There is anecdotal evidence that this temporary special protection was also requested by people who were not eligible for it (for example, individuals who had already been in the country illegally). This exploitation of the emergency provisions is likely to have exacerbated the already existing difficulties with handling migration policy procedures. It is no coincidence that, during the emergency, users at CdC directly experienced a significant change in the outcomes of the residence permit applications.
In this study, we use an original dataset based on CdC micro-data to run an empirical analysis to estimate the effects of the ENA provisions on the probability of obtaining a residence permit. As expected, the analysis shows that the emergency provisions actually increased the number of residence permits released to migrants entitled to the ENA benefits. On the other hand, such provisions seem to be associated with a significant displacement effect against standard requests for residence permits. In particular, migrants not entitled to the ENA provisions suffered exacerbated difficulties in obtaining residence permits according to the ordinary procedures.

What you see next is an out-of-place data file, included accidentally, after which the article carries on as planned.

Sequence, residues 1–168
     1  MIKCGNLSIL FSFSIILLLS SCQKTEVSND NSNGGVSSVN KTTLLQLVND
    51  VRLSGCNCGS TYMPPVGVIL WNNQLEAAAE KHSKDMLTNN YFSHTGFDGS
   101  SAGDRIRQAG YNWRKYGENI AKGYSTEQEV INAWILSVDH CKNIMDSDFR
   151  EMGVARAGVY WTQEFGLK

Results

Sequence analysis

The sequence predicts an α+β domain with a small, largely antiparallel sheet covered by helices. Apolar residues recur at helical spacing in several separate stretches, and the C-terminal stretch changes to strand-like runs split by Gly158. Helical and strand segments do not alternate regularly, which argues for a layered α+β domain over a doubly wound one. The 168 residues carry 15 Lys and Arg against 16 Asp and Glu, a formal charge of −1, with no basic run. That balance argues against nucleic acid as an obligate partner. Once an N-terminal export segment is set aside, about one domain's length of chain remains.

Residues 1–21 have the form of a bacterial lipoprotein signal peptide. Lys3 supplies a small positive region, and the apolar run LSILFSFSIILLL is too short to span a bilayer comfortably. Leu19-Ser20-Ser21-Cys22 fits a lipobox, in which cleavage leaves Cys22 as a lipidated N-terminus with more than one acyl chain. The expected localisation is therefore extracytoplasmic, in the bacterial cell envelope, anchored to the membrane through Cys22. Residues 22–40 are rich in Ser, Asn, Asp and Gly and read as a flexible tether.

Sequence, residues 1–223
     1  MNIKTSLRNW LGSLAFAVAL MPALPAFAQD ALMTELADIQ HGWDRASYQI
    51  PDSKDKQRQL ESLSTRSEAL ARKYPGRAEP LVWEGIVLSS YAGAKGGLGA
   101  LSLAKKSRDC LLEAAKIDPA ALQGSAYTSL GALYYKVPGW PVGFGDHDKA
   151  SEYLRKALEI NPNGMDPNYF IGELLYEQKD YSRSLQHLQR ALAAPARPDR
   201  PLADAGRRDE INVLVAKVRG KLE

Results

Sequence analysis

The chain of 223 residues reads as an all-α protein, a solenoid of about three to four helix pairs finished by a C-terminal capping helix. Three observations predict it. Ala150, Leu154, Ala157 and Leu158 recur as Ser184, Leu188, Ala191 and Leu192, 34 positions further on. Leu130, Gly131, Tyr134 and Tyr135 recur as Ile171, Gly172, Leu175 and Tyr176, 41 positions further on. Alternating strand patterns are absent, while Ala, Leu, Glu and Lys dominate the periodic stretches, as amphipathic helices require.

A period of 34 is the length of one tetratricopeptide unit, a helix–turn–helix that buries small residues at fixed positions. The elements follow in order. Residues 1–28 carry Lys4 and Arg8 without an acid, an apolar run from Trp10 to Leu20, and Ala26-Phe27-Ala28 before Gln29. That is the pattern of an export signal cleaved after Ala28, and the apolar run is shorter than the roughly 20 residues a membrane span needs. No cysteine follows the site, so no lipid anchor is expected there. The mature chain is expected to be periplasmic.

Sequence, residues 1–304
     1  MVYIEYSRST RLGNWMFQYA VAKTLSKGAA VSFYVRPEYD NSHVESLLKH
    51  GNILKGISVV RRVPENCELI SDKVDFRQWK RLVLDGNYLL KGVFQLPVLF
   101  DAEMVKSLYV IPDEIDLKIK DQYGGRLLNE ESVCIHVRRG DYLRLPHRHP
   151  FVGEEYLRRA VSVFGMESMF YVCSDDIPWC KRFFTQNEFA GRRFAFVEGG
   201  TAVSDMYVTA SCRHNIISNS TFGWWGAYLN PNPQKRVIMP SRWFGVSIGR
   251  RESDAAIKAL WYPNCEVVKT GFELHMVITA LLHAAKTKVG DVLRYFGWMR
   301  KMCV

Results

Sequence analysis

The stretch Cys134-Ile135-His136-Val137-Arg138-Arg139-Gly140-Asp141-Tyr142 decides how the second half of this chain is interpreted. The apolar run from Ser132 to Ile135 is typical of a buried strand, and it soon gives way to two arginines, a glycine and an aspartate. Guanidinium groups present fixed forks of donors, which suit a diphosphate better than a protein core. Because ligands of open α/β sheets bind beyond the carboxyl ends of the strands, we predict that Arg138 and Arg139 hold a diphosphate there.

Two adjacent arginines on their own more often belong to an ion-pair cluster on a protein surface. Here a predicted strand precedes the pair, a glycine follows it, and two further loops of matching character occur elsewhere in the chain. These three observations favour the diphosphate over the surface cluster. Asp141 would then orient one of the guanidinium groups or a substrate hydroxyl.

Data and empirical analysis


We use self-collected data from CdC. The data are from the January 1, 2010 - March 31, 2013 period and were coded using files and other documents filled by operators at CdC. Statistics show an increase in 2011 in the flows of foreign citizens from Africa, due to the civil war in Libya and political turmoil in Egypt and the Maghreb (cf. Table 1).
As shown by Table 2, the largest part of legal issues handled by CdC and involving migrants concerns applications for a residence permit. Statistics also show that the rate of success for permit applications increased among African migrants after the ENA provisions. Notably, also non-African migrants seem to have been impacted by the enactment of the ENA regime, even though these provisions did not apply to them. In fact, the rate of success among non-African migrants after April 5, 2011 decreased from 64% to 43% (cf. Table 3).